Combating inflammatory speeches
Today, NGOs and netizens are deeply concerned and increasingly disturbed over the level of racial and religious intolerance which is morphing into a threat to national unity and harmony.
It is a widely held perception that racial divisions within the Malaysian society is drifting further and further at a fast pace and cannot continue to be ignored if we regard patriotism as a vital ingredient for national peace and progress.
GHRF currently has three active cases pending in the courts regarding inflammatory speeches and postings in the public domain that insult and deride non-Islamic religions in the country.
It has always been either the NGOs or the public who have to individually or privately seek justice as the law enforcement agencies and authorities who are supposed to act on such matter without prejudice or bias seem to possess double standards.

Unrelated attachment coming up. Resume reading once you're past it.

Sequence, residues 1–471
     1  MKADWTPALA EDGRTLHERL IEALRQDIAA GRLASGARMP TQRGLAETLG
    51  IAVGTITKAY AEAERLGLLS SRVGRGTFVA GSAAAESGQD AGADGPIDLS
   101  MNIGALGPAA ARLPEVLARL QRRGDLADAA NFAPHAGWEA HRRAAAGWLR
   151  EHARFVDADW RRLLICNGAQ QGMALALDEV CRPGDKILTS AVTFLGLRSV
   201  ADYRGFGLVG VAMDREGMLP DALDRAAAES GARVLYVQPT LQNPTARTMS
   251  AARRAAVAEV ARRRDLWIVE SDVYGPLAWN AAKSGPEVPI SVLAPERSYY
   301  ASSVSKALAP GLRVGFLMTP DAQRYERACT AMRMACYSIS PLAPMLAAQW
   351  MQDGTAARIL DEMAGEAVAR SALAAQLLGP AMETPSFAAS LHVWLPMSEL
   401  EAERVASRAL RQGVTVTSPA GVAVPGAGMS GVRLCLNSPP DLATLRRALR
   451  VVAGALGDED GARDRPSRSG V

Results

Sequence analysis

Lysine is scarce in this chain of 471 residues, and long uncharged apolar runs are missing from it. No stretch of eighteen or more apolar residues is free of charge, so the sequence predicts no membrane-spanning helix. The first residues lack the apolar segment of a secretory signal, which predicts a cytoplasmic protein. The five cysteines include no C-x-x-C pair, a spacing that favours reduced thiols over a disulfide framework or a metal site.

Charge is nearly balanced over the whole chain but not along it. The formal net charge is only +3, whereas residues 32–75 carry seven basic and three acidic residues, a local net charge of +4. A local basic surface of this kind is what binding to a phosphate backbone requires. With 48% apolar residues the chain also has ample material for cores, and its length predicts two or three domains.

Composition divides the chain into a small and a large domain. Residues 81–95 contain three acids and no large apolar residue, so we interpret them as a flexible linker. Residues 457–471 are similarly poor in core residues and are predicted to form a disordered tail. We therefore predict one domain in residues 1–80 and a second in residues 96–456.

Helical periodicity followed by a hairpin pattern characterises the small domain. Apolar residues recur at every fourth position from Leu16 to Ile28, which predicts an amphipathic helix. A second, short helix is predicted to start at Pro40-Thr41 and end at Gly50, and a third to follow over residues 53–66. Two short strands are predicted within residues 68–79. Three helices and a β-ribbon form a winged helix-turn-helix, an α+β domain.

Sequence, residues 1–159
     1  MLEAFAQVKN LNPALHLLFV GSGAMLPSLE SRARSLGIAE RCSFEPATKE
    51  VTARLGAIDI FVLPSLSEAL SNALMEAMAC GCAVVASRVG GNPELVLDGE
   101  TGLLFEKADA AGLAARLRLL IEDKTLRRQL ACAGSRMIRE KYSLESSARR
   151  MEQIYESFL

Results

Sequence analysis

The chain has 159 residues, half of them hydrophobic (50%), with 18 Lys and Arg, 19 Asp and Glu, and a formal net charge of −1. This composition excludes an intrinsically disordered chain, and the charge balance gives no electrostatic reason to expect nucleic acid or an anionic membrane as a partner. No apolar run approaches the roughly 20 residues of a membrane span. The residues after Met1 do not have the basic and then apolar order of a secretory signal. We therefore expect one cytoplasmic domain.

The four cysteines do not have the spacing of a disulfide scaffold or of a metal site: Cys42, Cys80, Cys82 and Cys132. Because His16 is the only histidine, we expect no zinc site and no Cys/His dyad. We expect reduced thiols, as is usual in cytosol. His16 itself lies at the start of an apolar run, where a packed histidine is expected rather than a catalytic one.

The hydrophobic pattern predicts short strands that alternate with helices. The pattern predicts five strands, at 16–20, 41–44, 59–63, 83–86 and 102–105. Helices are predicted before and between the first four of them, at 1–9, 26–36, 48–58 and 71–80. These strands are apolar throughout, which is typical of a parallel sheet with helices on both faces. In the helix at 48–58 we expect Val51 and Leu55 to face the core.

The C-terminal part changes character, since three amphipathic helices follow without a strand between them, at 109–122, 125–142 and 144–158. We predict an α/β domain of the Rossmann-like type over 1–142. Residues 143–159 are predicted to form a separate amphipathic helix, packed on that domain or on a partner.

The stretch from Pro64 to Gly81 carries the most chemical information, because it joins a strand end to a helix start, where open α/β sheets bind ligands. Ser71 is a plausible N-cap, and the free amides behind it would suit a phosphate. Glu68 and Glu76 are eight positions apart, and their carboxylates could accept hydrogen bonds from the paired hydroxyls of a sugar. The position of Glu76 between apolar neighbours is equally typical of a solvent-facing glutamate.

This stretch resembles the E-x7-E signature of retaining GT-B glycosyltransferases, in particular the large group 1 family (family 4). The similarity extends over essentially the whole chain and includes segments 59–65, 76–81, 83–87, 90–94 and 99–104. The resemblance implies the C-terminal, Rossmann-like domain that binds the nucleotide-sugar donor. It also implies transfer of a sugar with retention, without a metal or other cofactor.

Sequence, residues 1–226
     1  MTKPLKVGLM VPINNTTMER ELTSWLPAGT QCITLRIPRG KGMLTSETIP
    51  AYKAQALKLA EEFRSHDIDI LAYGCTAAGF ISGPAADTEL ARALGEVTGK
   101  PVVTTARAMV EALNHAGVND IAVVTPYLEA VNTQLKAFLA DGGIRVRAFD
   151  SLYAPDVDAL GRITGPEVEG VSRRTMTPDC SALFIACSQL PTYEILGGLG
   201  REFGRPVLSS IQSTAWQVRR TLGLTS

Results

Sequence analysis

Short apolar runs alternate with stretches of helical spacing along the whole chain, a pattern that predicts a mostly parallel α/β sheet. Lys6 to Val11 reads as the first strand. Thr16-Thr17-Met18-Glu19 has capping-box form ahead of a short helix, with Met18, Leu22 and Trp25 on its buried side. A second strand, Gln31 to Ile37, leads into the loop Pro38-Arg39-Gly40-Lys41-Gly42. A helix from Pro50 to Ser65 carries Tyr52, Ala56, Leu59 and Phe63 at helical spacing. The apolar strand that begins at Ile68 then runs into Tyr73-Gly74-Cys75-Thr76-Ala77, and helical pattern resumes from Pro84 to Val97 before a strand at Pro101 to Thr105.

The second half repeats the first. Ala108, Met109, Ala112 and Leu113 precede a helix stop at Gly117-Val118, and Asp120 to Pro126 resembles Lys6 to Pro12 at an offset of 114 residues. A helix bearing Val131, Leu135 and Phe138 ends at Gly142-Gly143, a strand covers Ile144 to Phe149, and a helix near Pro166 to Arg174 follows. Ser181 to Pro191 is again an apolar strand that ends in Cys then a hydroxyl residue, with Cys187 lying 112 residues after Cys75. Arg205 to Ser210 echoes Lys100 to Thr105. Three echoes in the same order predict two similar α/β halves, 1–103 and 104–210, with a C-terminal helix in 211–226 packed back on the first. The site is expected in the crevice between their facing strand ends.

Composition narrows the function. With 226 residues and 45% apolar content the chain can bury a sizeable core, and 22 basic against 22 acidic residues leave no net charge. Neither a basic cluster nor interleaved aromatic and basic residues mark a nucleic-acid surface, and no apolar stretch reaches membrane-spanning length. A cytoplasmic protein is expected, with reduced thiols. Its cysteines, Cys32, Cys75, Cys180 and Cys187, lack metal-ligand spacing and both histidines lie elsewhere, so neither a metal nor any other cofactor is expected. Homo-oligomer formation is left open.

GHRF has previously called on the Malaysian government to table the Racial and Religious Hatred Bill in Parliament to ensure that those making statements deemed as hate speech directed at a particular race or religion be prosecuted for their action.
GHRF has also requested for the government to put in place an independent body to oversee conversions into Islam as well as for strict laws and guidelines to be drafted and enforced to avoid such conversions being done covertly, coercively and in a partial manner by favouring the converted against the unconverted.
GHRF’s ultimate objective is to uphold the Federal Constitution as well as the principles of Rukun Negara, Parliamentary Democracy, rule of law and equality without discrimination or hints of apartheid.
Towards this end, GHRF deems that enforcing and abiding by the 30 Basic Human Rights List as enshrined by the Universal Declaration of Human Rights (UDHR) is non-negotiable. – Dec 10, 2023
S. Shashi Kumar is president of the Global Human Rights Federation (GHRF).
The views expressed are solely of the author and do not necessarily reflect those of Focus Malaysia.
Main pic credit: OeAD